“Barrio Rhythm: Mexican American
Music in Los Angeles” by Steven Loza was published by
the University of Illinois Press in 1993. Loza, a professor
of ethnomusicology at UCLA, gives us a scholarly survey of
the history of Mexican and Mexican-American music in L.A.
The book begins with a chronicle of the social and musical
history of Mexican Los Angeles from the founding of the pueblo
in 1781 up to the end of World War II. This section
illuminates us on the styles of music, kind of groups, and
instruments used by Mexicans and Mexican-Americans of this
period. It also tells of the earliest recordings of
Mexican folk songs, recorded on wax cylinders between 1904
and 1912 by writer/photographer Charles Lummis. The postwar
period covers a lot of information including the recording
industry and nightclub circuit of the 40s and 50s, the Chicano
Movement of the 60s, and the new wave and punk scene of the
80s. Much of the information on the artists profiled
in the book was taken from video taped interviews conducted
by Steven Loza with the artists themselves. Postwar
artists such as Andy Russell (born Andres Rábago Perez), Vikki
Carr (born Florencia Bisenta de Casillas Martinez Cardona),
Eddie Cano, Don Tosti, and my dad, Lalo Guerrero, are featured.
Loza also describes the East L.A. riots of the late 60s and
the Eastside Sound, which developed during the musical explosion
that occurred in East Los Angeles in the 1960s. The
“Eastside Sound” section touches on The Premiers,
Cannibal & the Headhunters, The Blendells, and Little
Ray. Special attention is given to Thee Midniters, El
Chicano, Tierra, and Ruben Guevara. In a chapter entitled,
“Papas Got a Brand New Bag,” Loza profiles salsero
Poncho Sanchez, 80s artists Teresa Covarrubias of The Brat
and Los Illegals,
and Los Lobos in some detail.
The book has plenty of photos, lyrics,
and even musical notation of relevant songs. The excellent
cover artwork was done by artist/musician Willie Herrón of
who’s featured prominently in the book. There’s
also an "Appendix: Jazz and Fusion Musicians," which
lists Chicano musicians with information on each one, an extensive
bibliography, and a discography. I’m mentioned
briefly in the chapter on my dad, Lalo Guerrero, on page 165,
and my teenage band, Mark & the Escorts, are mentioned
on page 102 in relation to the "West Coast Eastside Review"
album on which we appeared. Lalo Guerrero gets the most
attention in this book, and deservedly so, since he’s
widely considered to be the Father of Chicano Music.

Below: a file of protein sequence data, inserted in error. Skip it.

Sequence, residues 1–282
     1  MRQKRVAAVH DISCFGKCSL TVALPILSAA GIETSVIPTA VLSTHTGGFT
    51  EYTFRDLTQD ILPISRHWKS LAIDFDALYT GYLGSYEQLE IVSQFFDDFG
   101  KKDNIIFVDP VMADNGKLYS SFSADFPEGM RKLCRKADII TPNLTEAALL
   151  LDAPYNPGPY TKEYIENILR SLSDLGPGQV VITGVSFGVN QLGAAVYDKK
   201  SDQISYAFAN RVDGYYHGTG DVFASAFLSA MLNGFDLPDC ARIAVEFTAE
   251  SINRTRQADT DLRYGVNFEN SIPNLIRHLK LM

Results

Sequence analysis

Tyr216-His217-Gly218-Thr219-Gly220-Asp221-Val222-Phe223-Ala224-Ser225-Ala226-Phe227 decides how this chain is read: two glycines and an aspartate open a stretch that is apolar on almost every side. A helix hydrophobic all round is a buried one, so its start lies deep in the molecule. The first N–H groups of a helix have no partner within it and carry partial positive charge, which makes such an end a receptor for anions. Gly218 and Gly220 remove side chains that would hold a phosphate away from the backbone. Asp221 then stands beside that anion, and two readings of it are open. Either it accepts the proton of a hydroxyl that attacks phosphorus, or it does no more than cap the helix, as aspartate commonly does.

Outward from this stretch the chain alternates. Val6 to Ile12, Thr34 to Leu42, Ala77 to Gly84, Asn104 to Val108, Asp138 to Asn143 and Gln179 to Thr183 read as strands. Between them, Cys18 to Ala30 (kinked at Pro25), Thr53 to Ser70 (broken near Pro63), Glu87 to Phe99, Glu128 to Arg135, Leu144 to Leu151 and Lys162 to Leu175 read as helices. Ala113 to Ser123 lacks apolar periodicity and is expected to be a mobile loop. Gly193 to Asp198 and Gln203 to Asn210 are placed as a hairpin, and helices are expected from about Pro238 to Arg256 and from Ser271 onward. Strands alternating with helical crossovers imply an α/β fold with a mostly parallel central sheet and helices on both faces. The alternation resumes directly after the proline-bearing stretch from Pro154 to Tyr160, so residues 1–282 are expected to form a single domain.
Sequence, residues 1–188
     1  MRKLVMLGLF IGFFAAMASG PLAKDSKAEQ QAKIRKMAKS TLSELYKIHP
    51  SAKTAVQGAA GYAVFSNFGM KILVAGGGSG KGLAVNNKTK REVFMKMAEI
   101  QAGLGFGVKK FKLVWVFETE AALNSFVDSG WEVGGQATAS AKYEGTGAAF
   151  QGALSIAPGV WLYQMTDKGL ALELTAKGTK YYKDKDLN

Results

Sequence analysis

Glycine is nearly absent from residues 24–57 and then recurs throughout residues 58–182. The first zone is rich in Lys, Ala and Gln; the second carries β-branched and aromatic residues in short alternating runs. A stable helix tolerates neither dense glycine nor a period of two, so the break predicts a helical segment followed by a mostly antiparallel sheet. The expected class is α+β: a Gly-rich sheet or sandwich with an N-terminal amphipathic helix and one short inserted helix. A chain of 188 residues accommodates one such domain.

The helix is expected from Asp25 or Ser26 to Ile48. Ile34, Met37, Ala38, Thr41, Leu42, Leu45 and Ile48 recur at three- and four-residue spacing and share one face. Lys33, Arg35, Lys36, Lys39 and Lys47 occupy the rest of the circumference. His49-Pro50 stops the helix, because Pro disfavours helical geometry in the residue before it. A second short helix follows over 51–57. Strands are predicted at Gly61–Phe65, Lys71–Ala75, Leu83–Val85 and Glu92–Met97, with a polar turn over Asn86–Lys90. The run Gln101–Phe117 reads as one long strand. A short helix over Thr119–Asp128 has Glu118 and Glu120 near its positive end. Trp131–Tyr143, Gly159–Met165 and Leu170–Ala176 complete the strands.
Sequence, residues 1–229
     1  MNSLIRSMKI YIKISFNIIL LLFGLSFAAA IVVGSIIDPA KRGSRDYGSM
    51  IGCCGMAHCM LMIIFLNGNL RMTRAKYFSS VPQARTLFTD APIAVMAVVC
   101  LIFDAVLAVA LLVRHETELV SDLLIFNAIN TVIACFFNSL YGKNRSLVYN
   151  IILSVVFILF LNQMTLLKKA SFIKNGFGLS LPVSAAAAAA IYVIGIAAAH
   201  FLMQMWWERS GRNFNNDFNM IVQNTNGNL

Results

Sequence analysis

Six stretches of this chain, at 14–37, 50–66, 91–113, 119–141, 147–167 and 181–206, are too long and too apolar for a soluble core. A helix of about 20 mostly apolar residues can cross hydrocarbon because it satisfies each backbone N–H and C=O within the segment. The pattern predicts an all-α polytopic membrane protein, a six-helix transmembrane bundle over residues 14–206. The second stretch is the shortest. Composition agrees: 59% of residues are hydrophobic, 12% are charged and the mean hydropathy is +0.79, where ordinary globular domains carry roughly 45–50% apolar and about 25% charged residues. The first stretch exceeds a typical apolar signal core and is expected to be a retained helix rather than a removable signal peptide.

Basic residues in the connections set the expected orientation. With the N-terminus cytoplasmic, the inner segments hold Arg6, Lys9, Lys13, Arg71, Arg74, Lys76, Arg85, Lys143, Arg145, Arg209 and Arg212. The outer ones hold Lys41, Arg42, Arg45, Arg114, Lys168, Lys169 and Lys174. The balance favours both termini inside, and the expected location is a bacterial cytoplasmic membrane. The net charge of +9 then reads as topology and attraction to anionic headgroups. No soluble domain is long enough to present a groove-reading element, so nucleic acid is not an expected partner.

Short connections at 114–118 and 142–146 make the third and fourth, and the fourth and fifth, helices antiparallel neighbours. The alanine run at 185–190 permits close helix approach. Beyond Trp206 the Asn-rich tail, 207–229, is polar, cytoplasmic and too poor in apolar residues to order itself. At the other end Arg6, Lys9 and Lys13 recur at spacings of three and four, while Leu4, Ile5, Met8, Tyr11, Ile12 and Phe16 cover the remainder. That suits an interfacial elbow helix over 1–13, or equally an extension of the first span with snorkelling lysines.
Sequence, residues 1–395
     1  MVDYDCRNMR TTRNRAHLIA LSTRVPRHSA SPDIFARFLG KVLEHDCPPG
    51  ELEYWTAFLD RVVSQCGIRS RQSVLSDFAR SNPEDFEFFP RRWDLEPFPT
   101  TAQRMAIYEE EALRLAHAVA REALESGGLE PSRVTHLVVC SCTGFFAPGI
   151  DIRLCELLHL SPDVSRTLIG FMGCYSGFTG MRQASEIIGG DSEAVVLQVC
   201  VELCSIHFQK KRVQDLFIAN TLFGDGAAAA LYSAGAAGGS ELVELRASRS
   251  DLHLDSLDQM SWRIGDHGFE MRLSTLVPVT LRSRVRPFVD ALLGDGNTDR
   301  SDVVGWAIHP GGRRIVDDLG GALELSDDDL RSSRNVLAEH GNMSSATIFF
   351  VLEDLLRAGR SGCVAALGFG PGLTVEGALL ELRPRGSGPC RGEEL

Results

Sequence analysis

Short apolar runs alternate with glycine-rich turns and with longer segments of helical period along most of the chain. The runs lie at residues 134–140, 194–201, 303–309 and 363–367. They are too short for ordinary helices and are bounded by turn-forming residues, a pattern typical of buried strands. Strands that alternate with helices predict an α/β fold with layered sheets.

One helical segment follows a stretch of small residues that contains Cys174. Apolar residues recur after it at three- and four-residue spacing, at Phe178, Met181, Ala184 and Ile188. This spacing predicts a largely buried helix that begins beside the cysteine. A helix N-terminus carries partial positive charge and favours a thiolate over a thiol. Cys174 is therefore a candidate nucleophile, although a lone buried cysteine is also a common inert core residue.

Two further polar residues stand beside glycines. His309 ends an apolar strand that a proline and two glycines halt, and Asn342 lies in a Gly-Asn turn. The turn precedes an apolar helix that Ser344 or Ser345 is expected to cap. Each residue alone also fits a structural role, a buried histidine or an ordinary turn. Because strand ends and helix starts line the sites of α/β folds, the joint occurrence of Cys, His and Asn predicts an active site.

He’s mentioned and quoted all over the book and has
a section of 26 pages dedicated to his life and career.
That includes the lyrics and notated music to three of his
songs: the ranchera standard, “Canción Mexicana,”
a pachuco swing classic, “Los Chucos Suaves,”
and a satirical song about immigration, “No Way Jose.”
“Barrio Rhythm” is an essential book for anyone
interested in Mexican or Chicano music, as well as those interested
in the “Eastside Sound” of the 60s in East L.A.
For the Record
There are some minor errors in my dad’s (Lalo Guerrero's)
section of the book that I would like to address for the historical
record. These are small academic points that do not
detract from the value or importance of the book. These
errors could be a result of the students who transcribed the
interviews or perhaps typos, but they should be corrected
since it’s a history book which is used in some colleges
and universities. The following corrections are based
on my own recollections and from double checking with my dad,
the first time several years ago when I first read the book,
and then again in 2003 while writing this article.
Page 71- My dad’s song is referred to as “Chuco
suave” instead of “Los Chucos Suaves.”
On pages 165, 178 and 180, the same song is called “Chucos
suaves,” but the “Los” is still missing
and the “s” is not capitalized.
The nightclub my dad purchased was previously known as Torrey’s
Inn and not “Tony’s Inn” as it appears in
the book. The name Torrey was an Anglicizing of the
previous owners name, Torivio Reza. Also on page 74,
my dad’s trumpet player’s last name is misspelled.
It appears as Tony Fashudo. The correct spelling is “Facciuto.”
My dad is quoted speaking about various musicians on the scene.
Part of the quote says, “And of course, Issi Morales,
Lalo’s brother, and many others.” Issi spelled
his name “Izzy” and my dad didn’t have a
brother who was a professional musician. At the bottom
of the same page he’s quoted saying “I made it
from my recording WITH Pancho Lopez,” rather than OF
Pancho Lopez, who was a fictional character in the song.
At the top of the page, it refers to my dad making two VERSES
of Pancho Lopez, one in English and one in Spanish. It should
be two VERSIONS. At the end of the same paragraph, my
dad says his cut of his hit record “Pancho Lopez”
was $98,000. It’s possible that my dad forgot
at the time of the interview, but his cut was 1/3 of the $98,000,
with the other thirds going to the owner of the recording
studio, Jimmy Jones, and my dad’s partner at the time,
It says that my dad bought the building that housed his nightclub,
Lalo’s. He never bought it or owned it. He owned
the business and paid rent for the building. In the
same sentence it refers to Torri Reza as Tony Reza.
My dad told me today (2003) that Torri spelled his name with
an “i,” but on the nightclub he used “ey”
as the last syllable of his name.
It says that Tito Puente confirmed “Guevara’s”
estimate that during the 50s his audiences were 90% Mexican.
In the context of the paragraph where my dad is mentioned
in the previous sentence, it looks like it was supposed to
be “Guerrero’s” estimate.
The owner of Imperial Records, for whom my dad recorded, is
referred to as “Lutte Chat.” His name was
actually Lew Chudd.